What does your work with Loyola Law Schools Project for the Innocent (LPI) and Empowerment Avenue mean to you personally and what have been some of your favorite moments?

What I love about these organizations is that they are inherently collaborative; you gain proximity to social issues through direct relationships with the impacted communities. Through LPI, I helped screen and build cases alongside other interns, law students, and professors to exonerate the wrongfully convicted. LPI introduced me to exonerees like Obie Anthony, living proof that corrupted narratives could be reversed to restore dignity.

Through Empowerment Avenue, I mentored and collaborated with incarcerated artists and writers in San Quentin Prison. One of my favorite moments was creating an art piece to accompany a story by Rahsaan Thomas (an incarcerated journalist at San Quentin), later performed in the Brooklyn Public Library. Seeing our works exhibited together was a very special moment for me.


What drew you to become an editor for the literary magazines, Farside Review and Lumiere Review, and an intern with the Counterclock Journal?

I became an editor primarily because I love art and language, and I want to spend time doing what I love. This has always been the drive: I don’t view art and language as a secondary vessel through which I accomplish another goal of uplifting marginalized communities, though that’s important to me too.

However, I do think that both practices inform each other. Working with organizations like Empowerment Avenue and LPI reaffirms to me the necessary power of art and language to carry the weight of our presence. For example, as my collaborator at San Quentin Prison explained, saying “incarcerated person” instead of “inmate” recognizes the humanity of a person beyond their crime. I am also drawn to exploring how art, as a visual medium, can reach people where language falters. It’s an unexpected blessing that my interest in art and writing lends itself to collaboration with other creatives, and I feel grateful for having found ways to bridge my interests.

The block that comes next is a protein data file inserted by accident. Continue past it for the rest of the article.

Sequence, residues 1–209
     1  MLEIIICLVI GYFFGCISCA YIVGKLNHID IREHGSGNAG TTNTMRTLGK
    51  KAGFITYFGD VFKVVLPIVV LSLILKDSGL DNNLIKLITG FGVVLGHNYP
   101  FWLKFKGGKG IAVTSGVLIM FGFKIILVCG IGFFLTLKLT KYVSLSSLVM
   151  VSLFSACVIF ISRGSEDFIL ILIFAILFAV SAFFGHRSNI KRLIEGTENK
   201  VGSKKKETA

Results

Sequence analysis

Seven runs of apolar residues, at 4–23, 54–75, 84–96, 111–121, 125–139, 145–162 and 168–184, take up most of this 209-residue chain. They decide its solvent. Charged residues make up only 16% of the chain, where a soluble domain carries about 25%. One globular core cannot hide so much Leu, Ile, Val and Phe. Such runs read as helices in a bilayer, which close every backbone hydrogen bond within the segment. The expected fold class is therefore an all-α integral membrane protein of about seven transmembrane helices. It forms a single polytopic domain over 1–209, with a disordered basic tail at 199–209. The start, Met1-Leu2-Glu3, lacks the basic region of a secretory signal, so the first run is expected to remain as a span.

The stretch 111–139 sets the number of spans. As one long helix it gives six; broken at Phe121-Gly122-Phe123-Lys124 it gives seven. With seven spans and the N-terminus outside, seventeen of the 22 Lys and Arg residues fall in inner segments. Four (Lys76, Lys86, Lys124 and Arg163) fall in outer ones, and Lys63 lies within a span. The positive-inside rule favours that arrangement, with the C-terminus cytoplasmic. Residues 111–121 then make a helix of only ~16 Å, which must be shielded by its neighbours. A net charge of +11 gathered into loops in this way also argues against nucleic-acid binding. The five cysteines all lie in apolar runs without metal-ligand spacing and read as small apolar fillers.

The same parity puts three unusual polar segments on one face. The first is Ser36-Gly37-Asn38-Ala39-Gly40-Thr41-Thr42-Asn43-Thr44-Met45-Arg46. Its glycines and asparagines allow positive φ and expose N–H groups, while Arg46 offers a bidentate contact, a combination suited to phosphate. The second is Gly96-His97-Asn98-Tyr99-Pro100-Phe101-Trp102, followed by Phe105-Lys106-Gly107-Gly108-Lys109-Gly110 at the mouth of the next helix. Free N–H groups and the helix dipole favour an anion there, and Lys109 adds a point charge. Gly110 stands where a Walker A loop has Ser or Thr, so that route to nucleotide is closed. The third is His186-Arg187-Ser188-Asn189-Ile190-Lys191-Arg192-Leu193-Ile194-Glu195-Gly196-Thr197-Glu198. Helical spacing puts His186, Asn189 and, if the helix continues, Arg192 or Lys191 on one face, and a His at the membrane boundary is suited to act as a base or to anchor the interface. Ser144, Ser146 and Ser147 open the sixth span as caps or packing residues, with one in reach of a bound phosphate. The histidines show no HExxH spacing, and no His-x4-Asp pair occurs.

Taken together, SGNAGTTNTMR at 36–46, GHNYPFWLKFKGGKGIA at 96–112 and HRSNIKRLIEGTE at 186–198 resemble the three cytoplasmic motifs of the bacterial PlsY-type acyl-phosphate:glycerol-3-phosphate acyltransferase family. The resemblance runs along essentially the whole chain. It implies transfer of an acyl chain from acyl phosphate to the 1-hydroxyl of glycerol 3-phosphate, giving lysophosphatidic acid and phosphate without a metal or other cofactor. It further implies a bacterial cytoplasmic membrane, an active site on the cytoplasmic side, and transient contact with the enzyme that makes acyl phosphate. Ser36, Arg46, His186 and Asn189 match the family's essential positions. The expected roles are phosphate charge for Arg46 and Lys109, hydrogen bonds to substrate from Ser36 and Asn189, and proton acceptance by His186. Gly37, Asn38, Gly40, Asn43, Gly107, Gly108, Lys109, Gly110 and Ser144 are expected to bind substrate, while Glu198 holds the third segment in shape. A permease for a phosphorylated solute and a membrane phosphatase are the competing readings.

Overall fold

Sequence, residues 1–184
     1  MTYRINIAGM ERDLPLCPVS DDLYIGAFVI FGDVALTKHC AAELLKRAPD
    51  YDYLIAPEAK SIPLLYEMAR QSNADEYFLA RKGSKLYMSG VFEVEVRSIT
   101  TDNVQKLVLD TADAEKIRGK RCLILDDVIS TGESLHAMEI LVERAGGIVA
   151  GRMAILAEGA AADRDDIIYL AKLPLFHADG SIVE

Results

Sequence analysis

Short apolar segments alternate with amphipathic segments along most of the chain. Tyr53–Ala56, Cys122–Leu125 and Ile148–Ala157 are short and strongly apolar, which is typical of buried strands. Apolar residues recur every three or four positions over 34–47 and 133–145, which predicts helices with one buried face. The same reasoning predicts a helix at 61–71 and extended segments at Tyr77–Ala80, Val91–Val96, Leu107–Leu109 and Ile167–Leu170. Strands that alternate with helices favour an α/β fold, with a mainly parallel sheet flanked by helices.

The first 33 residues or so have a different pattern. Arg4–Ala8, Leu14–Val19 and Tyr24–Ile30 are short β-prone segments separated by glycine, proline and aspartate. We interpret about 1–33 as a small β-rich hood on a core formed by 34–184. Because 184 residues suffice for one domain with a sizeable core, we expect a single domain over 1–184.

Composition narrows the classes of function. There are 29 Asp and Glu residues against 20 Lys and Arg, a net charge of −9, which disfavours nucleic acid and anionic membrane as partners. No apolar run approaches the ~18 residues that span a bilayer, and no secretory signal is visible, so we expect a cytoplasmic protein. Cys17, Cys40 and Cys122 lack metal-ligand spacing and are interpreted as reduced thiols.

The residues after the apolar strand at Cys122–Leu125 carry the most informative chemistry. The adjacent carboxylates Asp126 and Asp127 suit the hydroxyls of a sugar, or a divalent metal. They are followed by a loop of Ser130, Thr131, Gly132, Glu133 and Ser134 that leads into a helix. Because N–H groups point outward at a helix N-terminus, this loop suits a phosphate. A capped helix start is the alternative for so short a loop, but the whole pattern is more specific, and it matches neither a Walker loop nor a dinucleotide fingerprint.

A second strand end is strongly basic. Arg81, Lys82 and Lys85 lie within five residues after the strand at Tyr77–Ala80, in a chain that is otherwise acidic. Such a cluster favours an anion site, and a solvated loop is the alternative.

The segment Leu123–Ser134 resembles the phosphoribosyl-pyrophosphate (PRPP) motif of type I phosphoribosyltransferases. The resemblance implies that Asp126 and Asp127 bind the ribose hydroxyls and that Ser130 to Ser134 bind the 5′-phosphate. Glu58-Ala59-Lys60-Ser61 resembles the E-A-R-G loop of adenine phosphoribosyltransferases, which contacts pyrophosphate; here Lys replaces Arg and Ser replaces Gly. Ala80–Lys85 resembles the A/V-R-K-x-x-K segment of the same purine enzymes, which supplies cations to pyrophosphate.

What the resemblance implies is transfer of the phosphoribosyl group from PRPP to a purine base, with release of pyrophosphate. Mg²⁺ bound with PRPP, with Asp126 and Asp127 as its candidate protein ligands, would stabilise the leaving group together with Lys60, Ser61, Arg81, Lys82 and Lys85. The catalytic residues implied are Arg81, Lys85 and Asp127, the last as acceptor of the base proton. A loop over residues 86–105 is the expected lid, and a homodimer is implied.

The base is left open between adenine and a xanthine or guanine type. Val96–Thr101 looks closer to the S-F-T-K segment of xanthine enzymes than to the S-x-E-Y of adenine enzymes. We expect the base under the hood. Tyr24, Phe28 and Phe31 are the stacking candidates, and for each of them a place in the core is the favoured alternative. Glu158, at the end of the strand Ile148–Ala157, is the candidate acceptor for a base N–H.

* * * * *

Join Miye on January 12 for a virtual workshop exploring memory, loss, and reclamation. To find out more about this free ArtBreak event, click here.

 

© 2022 Esther Newman

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About this series

This monthly series features interviews with young Nikkei who are 30 years old and younger from around the world who are helping to shape and build the future of Nikkei communities or doing innovative and creative work sharing and exploring Nikkei history, culture, and identity.  

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About the Author

Esther Newman grew up in California. After college and a career in marketing and media production for Ohio’s Cleveland Metroparks Zoo, she returned to school to study twentieth century American history. While in graduate school, she became interested in her family’s history which led to research on topics affecting the Japanese Diaspora including internment, migration and assimilation. She is retired but her interest in writing about and supporting organizations related to these subjects continues.

Updated November 2021